July 19, 2014
Often the best project is to let the river fix itself. — Mathias Kondolf, “Meander Bends, Landscape Preferences, and River Restoration.” p. 51
Mathias Kondolf is one of the world’s leading river scientists. He recently wrote a letter to the Army Corps of Engineers recommending that the corps deny Harris County a permit to bulldoze the wild banks of Buffalo Bayou in and around Memorial Park.
The $6 million project would remove most of the riparian buffer from nearly 1.5 miles of some of the last remaining stretch of natural bayou in our city, demonstrating to landowners up and down the bayou and elsewhere the exact wrong thing to do. By far the most beautiful and healthiest stretch of the bayou, as it flows past Memorial Park and the Hogg Bird Sanctuary this shady, slow-moving wild bayou belongs to all of us. And amazingly, it is right here in the middle of our big city.
The project, promoted by the Bayou Preservation Association and officially a project of the Harris County Flood Control District, has no scientific or any other justification, says Kondolf. He points out that even the HCFCD says in its permit application that the stream is “recovering” (from something) and questions the county’s odd claim that razing the trees and vegetation, excavating and filling in the banks, and realigning the channel would “decrease the time needed for natural recovery.”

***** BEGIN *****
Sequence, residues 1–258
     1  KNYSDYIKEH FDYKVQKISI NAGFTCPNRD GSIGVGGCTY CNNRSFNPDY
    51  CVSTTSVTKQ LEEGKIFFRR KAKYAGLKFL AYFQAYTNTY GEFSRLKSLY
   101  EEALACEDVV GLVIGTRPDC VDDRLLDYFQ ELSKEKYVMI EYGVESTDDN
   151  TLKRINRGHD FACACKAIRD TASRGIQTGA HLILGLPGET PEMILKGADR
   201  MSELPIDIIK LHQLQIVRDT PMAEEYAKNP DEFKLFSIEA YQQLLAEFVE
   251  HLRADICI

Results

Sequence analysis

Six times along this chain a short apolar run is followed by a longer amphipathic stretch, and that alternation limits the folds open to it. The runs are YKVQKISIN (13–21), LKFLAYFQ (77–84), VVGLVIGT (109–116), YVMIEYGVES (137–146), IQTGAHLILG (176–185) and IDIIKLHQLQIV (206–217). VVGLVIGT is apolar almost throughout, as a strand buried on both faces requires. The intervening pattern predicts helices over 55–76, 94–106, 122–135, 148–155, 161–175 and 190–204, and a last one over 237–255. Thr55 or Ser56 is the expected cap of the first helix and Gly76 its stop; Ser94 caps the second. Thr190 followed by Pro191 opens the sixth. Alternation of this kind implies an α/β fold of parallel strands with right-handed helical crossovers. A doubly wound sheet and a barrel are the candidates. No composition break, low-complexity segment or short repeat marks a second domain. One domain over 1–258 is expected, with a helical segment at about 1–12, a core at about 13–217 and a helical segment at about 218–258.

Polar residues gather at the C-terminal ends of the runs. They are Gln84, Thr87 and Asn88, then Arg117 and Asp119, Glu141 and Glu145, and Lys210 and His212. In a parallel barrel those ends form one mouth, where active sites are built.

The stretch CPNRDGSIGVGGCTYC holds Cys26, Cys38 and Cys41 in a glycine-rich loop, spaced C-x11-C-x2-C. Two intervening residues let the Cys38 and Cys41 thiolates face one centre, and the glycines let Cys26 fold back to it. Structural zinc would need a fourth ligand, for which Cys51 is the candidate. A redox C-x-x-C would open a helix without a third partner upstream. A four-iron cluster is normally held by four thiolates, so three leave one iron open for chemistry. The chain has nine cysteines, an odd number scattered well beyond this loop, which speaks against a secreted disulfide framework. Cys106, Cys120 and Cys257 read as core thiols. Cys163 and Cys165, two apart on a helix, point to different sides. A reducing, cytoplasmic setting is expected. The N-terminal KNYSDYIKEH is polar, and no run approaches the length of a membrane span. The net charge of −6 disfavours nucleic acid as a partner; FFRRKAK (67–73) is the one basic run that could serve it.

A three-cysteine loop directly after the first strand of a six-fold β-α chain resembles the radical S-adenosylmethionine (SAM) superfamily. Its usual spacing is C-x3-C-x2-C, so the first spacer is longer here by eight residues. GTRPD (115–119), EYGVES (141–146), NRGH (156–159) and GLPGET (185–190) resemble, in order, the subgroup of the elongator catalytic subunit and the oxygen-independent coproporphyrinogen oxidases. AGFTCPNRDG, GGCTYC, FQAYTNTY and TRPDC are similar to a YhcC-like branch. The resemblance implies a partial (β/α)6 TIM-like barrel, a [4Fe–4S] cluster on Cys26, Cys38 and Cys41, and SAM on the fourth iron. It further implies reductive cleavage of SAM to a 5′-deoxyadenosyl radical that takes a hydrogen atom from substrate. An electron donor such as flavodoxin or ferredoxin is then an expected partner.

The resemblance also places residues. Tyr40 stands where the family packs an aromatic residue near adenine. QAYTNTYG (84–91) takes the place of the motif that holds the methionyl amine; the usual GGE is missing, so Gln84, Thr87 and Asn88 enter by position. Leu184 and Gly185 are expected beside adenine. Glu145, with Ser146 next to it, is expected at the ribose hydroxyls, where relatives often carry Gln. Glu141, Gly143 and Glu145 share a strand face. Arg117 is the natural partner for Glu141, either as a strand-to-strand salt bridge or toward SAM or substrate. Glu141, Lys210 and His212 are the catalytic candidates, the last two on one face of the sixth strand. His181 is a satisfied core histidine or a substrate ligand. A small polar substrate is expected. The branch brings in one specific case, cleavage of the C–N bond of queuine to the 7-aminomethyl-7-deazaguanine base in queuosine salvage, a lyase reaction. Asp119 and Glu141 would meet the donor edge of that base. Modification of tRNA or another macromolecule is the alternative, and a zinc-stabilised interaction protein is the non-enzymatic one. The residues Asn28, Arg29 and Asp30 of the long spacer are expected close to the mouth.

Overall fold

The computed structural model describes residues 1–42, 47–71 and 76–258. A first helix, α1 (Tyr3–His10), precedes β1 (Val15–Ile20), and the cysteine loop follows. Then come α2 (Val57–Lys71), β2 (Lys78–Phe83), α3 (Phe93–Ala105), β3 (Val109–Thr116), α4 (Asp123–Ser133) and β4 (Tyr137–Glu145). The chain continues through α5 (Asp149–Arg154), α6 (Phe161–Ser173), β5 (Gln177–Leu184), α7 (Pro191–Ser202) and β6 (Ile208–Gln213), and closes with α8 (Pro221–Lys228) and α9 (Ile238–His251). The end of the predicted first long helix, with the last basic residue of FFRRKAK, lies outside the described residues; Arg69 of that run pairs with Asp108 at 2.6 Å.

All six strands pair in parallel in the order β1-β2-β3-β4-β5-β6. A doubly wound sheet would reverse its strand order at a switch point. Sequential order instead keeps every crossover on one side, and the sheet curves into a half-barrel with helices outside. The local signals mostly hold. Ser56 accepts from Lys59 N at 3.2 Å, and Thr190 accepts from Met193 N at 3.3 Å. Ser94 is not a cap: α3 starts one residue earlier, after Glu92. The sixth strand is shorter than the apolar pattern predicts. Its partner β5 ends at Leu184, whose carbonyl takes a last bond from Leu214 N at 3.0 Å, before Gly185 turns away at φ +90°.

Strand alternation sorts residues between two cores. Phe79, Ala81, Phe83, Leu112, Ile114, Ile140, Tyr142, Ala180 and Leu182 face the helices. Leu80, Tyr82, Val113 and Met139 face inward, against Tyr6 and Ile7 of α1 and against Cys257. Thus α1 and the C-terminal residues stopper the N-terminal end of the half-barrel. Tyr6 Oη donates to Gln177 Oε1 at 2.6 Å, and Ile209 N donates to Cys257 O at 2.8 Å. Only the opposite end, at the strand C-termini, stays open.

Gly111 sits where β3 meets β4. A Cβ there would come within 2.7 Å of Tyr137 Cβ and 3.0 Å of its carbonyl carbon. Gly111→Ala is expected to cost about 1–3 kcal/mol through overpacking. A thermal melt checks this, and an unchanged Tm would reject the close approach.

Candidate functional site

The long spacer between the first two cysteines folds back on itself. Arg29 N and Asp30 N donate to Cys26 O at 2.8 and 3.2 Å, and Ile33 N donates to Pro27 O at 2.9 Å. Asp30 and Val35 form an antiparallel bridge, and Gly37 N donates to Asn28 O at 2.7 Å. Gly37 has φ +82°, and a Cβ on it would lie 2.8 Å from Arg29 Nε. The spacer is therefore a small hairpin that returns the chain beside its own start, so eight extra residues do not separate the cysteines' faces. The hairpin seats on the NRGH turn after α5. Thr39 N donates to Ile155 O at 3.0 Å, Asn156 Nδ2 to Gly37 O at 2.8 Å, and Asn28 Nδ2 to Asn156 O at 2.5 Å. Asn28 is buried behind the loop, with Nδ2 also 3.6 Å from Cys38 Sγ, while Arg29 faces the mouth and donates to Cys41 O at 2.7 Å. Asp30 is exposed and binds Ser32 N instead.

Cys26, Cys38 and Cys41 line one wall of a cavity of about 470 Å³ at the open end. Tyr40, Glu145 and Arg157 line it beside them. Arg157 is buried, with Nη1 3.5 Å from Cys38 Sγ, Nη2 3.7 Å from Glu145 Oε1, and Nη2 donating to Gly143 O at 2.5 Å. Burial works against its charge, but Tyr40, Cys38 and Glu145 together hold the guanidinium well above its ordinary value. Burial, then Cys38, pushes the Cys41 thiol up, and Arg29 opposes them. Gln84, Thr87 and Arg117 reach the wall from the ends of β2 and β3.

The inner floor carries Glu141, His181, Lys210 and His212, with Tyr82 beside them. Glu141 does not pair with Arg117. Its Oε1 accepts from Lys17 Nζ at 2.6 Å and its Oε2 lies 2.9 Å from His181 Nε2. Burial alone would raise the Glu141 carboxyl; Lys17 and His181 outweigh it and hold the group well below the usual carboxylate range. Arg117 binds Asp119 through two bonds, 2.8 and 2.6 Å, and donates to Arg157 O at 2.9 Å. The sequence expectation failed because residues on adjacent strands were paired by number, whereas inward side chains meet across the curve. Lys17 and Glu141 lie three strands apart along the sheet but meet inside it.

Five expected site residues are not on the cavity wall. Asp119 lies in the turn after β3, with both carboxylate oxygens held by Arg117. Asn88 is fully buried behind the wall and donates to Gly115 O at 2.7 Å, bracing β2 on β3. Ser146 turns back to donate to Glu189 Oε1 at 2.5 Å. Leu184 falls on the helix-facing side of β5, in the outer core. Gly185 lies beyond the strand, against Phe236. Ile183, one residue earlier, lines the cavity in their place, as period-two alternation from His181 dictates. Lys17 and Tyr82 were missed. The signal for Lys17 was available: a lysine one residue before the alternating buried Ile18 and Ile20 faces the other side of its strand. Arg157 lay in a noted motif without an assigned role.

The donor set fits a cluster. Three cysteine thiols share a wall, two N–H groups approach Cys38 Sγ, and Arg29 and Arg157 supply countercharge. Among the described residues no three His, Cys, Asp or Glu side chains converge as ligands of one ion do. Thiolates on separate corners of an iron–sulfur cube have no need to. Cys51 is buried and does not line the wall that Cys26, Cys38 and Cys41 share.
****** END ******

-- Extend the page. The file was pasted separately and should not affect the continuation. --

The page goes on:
Kondolf points out that the existing riparian habitat is of “high quality,” that the erosion rate of the banks in the target area as estimated by the county is “not really problematic,” and notes that the construction project itself would likely dump three times more sediment into the waterway than this area does in a year.